During the first debate between Donald Trump and Hillary Clinton, the former secretary of state said George W. Bush had set the date for withdrawal from Iraq (2011) and that the Iraqi government would not grant immunity from arrest and prosecution to U.S. forces in Iraq after that date.
On the first issue, she is correct although Bush did that largely to give his successor a blank slate with which to work. From his first foreign policy speeches as a candidate for president in 2007, then-Senator Obama made a complete withdrawal from Iraq as a central pillar of his campaign.
However, what about the lack of immunity? On this, Clinton is disingenuous. As the United States was negotiating a status of forces agreement in 2010, U.S. officials did insist on immunity, and Prime Minister Nouri al-Maliki agreed to it. But then, the State Department went back to Maliki and demanded the Iraqi parliament confirm the immunity. With anti-American Sadrists in the parliament, that was a non-starter, and Clinton knew it. At a subsequent meeting, Maliki quipped to me that the Obama administration “wouldn’t take yes for an answer.”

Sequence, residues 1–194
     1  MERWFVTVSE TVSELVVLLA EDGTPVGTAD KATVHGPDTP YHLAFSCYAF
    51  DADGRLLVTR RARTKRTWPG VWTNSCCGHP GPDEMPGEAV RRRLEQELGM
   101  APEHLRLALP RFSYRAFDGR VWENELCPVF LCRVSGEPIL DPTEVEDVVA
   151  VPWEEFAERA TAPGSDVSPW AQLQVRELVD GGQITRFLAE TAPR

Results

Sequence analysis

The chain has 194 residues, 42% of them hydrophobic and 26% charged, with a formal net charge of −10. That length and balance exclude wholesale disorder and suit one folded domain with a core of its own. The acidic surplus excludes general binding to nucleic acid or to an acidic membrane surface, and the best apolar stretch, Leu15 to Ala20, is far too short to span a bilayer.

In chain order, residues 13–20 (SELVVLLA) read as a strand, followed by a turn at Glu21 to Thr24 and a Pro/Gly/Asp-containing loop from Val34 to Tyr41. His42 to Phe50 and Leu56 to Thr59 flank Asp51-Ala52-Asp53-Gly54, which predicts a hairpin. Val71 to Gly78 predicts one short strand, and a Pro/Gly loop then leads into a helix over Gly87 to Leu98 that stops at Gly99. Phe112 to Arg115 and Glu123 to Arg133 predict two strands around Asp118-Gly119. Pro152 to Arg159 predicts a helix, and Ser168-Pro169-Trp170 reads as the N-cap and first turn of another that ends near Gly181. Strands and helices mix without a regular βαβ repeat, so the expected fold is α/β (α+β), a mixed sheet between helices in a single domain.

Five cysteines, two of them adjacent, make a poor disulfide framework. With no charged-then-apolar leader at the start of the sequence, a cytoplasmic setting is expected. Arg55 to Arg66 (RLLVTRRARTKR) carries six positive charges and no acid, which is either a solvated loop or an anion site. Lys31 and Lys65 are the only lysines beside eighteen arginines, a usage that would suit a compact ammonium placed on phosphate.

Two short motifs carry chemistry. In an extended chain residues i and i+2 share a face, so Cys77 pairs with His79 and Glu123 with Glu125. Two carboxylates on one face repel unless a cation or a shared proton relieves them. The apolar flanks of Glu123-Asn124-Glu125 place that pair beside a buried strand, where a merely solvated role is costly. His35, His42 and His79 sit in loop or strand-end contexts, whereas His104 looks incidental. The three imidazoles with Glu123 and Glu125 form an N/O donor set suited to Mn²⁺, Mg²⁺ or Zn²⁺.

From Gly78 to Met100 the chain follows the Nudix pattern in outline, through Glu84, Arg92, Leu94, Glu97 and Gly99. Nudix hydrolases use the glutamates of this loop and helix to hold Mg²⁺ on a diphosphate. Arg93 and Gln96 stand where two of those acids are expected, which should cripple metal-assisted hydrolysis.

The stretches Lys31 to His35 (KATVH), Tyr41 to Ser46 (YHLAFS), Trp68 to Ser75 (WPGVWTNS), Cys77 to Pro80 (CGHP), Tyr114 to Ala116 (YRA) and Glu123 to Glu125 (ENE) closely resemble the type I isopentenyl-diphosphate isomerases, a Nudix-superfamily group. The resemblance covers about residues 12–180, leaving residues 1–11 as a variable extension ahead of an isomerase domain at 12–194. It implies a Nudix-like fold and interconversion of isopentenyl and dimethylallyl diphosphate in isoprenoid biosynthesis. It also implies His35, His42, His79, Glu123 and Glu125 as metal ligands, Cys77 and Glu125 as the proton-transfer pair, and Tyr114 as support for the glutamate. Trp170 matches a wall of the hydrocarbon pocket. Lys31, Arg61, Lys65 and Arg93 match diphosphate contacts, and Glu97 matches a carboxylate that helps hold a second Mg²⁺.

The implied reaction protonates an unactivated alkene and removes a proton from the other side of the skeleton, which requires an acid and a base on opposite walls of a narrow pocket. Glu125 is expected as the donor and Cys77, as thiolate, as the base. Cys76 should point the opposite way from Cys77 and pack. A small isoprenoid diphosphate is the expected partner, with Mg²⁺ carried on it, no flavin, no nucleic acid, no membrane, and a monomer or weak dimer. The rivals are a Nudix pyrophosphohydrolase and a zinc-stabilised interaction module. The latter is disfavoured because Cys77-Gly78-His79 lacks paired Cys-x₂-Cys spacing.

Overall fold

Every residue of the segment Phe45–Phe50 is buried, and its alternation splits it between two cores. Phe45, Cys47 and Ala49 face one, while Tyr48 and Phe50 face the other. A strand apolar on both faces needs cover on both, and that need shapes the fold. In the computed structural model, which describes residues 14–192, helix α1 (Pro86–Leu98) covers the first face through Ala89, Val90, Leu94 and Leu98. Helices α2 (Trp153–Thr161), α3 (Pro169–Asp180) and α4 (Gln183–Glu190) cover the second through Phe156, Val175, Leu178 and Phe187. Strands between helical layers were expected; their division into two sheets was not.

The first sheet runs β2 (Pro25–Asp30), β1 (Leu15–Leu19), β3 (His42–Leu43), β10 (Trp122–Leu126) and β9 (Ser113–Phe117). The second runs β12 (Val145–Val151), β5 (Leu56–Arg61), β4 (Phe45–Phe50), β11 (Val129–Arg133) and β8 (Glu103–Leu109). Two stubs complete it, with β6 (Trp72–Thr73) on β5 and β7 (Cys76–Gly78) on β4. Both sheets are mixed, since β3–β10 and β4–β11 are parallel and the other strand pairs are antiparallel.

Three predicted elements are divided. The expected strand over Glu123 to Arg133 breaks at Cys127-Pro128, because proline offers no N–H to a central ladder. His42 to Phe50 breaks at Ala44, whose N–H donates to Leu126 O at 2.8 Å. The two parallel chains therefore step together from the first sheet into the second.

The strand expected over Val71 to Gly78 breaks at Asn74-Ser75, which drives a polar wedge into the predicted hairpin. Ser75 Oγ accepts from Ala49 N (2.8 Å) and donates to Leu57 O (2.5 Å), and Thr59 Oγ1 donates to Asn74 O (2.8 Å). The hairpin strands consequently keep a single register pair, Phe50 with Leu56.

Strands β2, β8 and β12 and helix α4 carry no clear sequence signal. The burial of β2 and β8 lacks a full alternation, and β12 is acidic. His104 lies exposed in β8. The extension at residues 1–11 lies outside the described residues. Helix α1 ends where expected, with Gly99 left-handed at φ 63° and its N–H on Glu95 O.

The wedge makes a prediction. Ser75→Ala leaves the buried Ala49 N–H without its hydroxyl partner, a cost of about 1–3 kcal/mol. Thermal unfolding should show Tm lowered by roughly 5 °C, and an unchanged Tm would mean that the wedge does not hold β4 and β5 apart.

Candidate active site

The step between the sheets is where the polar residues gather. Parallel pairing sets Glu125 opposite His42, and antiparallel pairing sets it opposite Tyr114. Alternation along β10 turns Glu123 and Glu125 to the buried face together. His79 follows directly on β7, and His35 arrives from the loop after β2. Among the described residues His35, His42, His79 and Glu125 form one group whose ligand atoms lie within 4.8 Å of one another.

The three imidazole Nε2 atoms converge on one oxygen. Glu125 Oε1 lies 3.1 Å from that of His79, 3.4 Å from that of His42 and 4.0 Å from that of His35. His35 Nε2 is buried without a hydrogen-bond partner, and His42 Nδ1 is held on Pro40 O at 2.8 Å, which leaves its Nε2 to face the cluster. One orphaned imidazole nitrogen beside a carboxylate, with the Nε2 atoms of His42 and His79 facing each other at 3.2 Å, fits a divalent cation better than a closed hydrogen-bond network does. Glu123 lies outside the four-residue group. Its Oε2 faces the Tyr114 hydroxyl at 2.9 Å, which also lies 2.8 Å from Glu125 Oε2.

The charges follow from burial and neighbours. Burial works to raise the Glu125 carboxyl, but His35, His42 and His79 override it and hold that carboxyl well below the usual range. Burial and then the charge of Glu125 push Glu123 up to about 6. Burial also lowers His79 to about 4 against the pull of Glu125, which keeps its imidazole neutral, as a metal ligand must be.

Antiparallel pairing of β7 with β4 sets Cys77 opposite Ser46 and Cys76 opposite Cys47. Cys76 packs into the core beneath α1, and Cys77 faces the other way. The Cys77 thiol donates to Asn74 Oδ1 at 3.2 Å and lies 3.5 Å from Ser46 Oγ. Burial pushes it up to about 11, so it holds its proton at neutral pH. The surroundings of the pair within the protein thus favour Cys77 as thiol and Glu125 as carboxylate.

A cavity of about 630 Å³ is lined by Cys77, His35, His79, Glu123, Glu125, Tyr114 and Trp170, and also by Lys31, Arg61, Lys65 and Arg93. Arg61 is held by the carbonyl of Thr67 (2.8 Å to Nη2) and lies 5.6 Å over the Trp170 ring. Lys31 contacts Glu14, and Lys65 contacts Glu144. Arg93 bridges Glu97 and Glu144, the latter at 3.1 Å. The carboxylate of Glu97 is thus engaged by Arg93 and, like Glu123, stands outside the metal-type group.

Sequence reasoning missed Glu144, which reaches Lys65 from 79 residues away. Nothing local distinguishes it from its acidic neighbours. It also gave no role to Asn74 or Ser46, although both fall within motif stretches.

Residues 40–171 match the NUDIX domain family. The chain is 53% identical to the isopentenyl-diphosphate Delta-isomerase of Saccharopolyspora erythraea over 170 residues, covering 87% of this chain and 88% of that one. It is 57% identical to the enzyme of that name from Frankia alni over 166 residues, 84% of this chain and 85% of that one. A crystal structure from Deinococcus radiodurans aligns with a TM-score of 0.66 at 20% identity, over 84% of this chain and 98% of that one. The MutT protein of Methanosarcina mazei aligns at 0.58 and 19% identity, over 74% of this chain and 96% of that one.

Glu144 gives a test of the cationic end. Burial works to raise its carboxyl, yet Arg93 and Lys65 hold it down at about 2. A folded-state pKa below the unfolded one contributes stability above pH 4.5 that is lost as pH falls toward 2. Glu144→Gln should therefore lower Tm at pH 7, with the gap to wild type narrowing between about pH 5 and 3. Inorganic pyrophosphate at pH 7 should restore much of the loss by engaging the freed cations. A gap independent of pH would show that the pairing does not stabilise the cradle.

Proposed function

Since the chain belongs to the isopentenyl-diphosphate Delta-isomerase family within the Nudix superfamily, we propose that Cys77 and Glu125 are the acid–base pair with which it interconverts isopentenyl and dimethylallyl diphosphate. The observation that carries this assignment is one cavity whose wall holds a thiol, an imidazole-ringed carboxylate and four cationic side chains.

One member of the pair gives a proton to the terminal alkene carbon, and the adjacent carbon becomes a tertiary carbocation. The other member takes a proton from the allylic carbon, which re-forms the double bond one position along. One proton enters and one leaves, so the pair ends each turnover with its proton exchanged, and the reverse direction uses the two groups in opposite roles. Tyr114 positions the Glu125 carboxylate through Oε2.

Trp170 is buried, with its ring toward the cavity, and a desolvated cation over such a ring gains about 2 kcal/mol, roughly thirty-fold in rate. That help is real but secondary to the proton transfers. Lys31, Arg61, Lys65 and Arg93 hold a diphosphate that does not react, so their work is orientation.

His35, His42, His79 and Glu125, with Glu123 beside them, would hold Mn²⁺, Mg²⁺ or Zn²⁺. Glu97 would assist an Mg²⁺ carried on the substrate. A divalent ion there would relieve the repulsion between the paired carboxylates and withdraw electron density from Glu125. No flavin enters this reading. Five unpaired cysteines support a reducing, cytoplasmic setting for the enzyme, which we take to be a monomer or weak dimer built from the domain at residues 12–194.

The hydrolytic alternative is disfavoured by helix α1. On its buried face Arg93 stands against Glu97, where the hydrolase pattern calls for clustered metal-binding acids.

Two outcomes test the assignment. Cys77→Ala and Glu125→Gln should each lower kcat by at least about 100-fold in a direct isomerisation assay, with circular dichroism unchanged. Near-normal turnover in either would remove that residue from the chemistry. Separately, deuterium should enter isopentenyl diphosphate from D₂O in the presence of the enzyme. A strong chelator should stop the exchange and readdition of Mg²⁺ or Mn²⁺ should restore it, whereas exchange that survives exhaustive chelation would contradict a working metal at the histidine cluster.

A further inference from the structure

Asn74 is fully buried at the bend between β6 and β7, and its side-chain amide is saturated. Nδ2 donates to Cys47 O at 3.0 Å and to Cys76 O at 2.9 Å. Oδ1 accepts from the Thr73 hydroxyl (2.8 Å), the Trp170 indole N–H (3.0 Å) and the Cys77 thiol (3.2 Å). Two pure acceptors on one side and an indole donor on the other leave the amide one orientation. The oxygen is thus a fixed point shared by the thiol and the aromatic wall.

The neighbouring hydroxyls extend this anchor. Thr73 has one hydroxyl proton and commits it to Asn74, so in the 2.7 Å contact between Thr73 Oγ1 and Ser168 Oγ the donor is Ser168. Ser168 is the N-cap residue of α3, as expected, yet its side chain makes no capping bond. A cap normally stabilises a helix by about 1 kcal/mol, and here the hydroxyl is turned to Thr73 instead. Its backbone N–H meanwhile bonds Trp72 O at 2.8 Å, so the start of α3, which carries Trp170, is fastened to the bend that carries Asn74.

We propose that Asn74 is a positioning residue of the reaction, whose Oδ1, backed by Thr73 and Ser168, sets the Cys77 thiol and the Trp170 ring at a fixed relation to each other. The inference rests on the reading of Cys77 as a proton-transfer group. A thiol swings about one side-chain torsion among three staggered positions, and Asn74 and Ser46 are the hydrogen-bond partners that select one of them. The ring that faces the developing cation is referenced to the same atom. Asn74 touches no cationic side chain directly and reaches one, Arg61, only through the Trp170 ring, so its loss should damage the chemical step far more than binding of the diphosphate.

The ultimate irony here is that with U.S. forces heading back into Iraq ahead of the liberation of Mosul, they enjoy the same immunity by the same process to Maliki agreed, but Obama and Clinton refused. So had Obama wanted to keep troops in Iraq to prevent the vacuum which developed, there was nothing to stop him. If only future debate moderators would ask her: What is the difference in immunity offered by Iraq to U.S. troops in 2011 and today? And why was that immunity not good enough then but good enough now?